In a cross-party letter on Friday 72 MPs had branded the idea ‘divisive and discriminatory’. 

The decision will come as a huge boost to the industry, which will open from April 12 to customers seated outdoors. Punters will be allowed inside from May 17, with social distancing.    

Britons could be jetting off on summer holidays from May 17 – but will face at least three coronavirus tests even if they visit the safest countries.

Boris Johnson is expected to announce tomorrow that the current ‘stay in the UK’ policy will be replaced with a ‘traffic light’ system. Countries will be colour-coded on the basis of their vaccination programmes, infection rates and prevalence of known variants and ability to track them.

A list of which nation is in which group is expected to be released next month and there is cautious optimism that ‘green’ countries will include the US, Maldives, Barbados, UAE, Gibraltar, Malta and Israel. But even visitors to those countries will face a barrage of tests and a bill potentially running into hundreds of pounds.

Travellers coming from ‘green list’ countries will not have to quarantine but they will have to take at least three Covid tests – either PCRs or lateral-flows with high sensitivity. They will have to take one before leaving for the UK (no more than 72 hours before take-off), and two when they get back – the first on day two after arriving home and the second on day eight. The country they fly to may require even more tests.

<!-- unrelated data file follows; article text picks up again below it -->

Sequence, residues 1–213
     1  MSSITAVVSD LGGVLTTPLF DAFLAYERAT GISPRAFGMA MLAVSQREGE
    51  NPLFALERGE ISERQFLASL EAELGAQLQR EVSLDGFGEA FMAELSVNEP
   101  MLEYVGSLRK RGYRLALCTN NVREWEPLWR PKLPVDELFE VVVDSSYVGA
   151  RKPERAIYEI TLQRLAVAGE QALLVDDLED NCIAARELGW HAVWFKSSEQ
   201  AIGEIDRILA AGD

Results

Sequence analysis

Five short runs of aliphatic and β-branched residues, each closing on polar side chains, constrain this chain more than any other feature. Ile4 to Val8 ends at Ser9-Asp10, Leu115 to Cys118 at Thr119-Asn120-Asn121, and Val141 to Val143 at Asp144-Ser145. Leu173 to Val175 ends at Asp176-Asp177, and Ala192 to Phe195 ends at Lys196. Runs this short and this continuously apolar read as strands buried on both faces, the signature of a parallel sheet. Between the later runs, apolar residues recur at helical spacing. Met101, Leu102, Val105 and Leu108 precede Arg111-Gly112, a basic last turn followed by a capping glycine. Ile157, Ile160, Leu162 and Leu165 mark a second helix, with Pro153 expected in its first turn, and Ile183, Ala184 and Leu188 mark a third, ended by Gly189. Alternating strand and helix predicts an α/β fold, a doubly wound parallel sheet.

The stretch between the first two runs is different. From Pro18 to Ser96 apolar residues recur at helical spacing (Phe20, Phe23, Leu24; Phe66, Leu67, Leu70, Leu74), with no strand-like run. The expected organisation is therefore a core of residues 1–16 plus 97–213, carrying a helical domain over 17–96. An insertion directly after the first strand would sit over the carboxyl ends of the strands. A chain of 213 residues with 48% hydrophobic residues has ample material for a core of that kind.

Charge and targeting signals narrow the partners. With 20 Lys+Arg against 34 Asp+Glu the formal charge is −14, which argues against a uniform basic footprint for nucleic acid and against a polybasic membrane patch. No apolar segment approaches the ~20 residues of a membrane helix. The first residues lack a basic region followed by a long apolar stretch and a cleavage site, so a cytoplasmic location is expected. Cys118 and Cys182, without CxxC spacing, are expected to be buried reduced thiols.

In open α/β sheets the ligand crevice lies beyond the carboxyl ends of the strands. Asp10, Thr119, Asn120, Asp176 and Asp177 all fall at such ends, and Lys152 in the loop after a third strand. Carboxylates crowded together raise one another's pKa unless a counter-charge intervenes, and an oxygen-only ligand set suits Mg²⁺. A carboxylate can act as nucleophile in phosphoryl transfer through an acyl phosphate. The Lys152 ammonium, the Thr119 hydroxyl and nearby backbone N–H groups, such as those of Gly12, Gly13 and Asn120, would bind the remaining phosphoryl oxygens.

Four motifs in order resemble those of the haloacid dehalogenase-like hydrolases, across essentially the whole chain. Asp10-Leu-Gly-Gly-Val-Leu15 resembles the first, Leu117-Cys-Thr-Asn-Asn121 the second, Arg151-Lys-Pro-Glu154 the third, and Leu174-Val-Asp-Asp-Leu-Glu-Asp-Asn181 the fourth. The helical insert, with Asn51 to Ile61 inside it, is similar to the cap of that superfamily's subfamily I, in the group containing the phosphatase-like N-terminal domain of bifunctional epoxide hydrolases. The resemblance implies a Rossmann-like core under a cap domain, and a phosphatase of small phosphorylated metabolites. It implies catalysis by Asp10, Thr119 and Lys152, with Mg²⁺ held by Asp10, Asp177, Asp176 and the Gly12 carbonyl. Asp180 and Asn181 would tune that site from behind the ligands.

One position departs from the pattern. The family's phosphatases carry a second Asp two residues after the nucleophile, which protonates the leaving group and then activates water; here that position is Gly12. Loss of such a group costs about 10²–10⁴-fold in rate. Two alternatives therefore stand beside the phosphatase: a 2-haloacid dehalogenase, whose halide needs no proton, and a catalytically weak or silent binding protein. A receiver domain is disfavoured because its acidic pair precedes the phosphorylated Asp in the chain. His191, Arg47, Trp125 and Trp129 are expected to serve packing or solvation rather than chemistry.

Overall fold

People flying in from ‘red list’ nations will need to quarantine in a hotel, as they do currently. ‘Amber list’ visitors will have to isolate for ten days at home, while taking tests before and after travel. Both ‘red’ and ‘amber’ travellers will also need to take three tests. It is still unclear if children will be affected.

Despite the inconvenience and cost, travel experts believe many will still want to seek sunshine overseas after spending much of the past year in lockdown.

Travel consultant Paul Charles said: ‘Summer holidays this year will be sun, sea, sand and swabs. Yes, they will be different and there will be more social distancing, more wearing of masks and more handwashing, but we are used to that now. I think consumers are looking forward to a holiday as people need a break.’

Alex Macheras, an aviation analyst, said: ‘A resumption of flights in May, with clear measures and protocols in place that ensure air travel and Covid-19 can co-exist, will be the shot in the arm the industry is so desperate in need of.’

But bosses of leading airlines and travel companies last night urged Mr Johnson not to impose travel restrictions on vaccinated passengers. In a letter organised by the industry association Airlines UK and signed by bosses of companies including British Airways, EasyJet and Virgin Atlantic, they said: ‘We recognise that universal, restriction-free international travel everywhere may not be possible from May 17.